In today's NY Times is an article entitled: "Deep Down, We Can’t Fool Even Ourselves," by JOHN TIERNEY.
Basically, the studies cited by psychologists describe the mental mechanics of what they call "moral hypocrisy," something I wrote about in my "Lying Liars" posting a few days ago without calling it that. "The moral hypocrite," described in the Times piece, "has convinced himself that he is acting virtuously even when he does something he would condemn in others." Sounds similar to the politicians and psychopaths I described. Believing your own lies, in other words, is the hallmark of a moral hypocrite.
But here's the really interesting thing: one Dr. DeSteno, a psychologist at Northeastern University, found that a kind of deliberate mental distraction was necessary to maintain a lie, and that "just a little bit of extra mental exertion was enough to eliminate hypocrisy."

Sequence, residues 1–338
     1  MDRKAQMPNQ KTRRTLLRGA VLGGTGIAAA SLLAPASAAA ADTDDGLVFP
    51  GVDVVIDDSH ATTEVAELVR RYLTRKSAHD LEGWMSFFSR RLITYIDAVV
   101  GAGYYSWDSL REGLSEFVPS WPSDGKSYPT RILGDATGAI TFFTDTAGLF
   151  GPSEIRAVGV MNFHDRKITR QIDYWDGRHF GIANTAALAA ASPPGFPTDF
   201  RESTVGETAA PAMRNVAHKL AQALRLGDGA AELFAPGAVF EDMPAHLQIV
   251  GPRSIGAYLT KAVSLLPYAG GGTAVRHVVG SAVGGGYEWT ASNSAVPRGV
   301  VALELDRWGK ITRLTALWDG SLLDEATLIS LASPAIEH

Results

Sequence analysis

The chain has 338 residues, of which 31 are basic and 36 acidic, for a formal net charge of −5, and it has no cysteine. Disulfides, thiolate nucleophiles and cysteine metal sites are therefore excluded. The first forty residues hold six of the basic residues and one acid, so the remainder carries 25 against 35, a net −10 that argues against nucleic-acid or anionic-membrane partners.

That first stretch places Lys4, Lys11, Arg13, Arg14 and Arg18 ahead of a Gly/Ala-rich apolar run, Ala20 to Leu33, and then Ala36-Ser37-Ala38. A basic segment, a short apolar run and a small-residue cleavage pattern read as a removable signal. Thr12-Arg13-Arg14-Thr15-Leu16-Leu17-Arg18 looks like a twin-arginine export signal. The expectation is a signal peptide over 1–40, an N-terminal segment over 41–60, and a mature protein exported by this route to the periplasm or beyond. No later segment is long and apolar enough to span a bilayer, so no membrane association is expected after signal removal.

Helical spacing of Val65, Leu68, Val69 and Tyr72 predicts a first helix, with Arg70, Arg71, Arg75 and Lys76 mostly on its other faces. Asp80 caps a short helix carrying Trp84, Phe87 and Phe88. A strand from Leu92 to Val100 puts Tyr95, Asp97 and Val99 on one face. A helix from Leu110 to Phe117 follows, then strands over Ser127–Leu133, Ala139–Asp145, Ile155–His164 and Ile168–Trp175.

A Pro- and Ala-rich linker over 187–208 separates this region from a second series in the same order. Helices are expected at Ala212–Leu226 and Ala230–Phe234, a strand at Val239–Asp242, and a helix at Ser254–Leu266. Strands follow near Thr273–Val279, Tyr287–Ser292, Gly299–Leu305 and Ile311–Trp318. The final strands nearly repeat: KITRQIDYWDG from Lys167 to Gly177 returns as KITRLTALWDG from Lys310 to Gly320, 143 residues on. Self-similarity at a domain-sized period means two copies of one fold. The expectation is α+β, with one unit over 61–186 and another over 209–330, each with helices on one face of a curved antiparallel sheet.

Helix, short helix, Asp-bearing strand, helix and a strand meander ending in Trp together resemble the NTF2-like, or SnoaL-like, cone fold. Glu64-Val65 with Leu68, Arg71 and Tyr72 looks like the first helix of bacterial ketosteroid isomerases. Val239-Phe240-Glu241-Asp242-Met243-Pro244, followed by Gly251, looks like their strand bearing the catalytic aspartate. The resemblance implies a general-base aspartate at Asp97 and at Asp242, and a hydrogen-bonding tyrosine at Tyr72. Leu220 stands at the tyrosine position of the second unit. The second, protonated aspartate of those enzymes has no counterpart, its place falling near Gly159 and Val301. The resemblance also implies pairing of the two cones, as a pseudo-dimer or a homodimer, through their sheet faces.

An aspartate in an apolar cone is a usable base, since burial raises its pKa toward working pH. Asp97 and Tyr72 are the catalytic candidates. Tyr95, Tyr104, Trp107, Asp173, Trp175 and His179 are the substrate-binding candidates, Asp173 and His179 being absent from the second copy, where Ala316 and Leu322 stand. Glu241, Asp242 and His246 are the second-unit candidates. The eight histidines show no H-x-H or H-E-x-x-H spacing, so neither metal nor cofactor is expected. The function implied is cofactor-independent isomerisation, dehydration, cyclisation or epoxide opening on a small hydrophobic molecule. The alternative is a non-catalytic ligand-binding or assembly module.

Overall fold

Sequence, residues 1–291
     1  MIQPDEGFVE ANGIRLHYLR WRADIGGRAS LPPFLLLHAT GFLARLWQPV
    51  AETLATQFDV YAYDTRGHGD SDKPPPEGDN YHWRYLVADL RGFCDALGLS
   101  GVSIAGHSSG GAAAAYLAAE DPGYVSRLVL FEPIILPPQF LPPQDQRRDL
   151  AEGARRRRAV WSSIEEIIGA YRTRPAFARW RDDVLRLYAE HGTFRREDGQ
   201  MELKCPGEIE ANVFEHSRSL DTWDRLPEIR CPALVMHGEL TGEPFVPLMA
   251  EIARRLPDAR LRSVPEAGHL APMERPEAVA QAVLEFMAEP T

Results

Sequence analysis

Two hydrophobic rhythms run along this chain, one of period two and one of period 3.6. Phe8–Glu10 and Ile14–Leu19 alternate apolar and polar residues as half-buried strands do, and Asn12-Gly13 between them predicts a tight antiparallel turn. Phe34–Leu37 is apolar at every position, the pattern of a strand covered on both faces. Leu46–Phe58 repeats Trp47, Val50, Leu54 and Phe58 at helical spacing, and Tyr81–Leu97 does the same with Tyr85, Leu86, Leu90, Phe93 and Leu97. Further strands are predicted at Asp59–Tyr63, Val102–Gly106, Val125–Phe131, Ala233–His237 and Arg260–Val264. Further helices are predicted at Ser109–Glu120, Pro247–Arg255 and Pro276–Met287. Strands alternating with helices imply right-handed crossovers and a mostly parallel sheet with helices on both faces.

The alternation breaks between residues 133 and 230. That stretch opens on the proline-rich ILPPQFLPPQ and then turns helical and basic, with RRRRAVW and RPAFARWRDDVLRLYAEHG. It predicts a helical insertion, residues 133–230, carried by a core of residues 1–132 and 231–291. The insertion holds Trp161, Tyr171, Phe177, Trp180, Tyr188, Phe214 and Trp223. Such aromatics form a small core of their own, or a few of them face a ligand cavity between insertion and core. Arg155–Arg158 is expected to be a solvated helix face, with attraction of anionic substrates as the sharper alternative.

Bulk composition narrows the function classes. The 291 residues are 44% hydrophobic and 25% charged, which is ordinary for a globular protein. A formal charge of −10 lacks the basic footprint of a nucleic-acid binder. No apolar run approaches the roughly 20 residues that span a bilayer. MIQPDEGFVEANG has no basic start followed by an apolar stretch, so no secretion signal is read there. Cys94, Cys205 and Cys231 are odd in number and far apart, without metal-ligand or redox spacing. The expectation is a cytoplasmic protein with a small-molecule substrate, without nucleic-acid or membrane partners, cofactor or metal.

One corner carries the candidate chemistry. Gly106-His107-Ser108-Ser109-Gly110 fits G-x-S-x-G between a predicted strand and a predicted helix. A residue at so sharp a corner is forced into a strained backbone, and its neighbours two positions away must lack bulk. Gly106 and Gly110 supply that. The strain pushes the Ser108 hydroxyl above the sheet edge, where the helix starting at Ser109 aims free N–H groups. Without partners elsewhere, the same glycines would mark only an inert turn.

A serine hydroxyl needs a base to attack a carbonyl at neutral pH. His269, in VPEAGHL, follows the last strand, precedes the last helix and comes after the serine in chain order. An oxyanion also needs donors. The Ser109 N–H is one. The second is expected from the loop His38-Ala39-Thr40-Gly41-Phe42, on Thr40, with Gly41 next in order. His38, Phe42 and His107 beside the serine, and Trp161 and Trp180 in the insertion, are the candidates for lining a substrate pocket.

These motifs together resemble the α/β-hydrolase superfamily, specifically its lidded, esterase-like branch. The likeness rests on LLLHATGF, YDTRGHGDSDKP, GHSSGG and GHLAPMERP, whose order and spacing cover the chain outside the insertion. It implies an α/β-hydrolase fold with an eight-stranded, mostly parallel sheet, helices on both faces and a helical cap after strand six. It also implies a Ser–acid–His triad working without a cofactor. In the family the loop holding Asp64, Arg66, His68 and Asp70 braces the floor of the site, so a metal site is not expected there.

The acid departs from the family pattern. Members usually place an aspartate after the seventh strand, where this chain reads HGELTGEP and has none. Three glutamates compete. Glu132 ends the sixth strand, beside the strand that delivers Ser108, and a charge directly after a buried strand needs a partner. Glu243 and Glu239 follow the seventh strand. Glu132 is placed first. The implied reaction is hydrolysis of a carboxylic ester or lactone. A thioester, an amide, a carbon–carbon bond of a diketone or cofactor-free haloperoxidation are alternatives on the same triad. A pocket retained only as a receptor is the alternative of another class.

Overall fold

“Hypocrisy is driven by mental processes over which we have volitional control,” said Dr. Valdesolo, a psychologist at Amherst College. “Our gut seems to be equally sensitive to our own and others’ transgressions, suggesting that we just need to find ways to better translate our moral feelings into moral actions.”
Now, here's my favorite part:
"As useful as hypocrisy can be, it’s apparently not quite as basic as the human instinct to do unto others as you would have them do unto you. Your mind can justify double standards, it seems, but in your heart you know you’re wrong."
Yeah! I love it when science catches up to the truth. Like I said in my "What's Your EQ?" posting, human beings are designed to lead with their hearts, not their minds. When we reverse that, we are out of alignment and capable of committing nefarious deeds because we lose our integrity and capacity for empathy.
But as I say on my home page: "human beings are, by first nature, sane, loving, cooperative, creative, humorous, intelligent, productive and naturally self-regulating."
Right. No one is a natural hypocrite or crook. No one.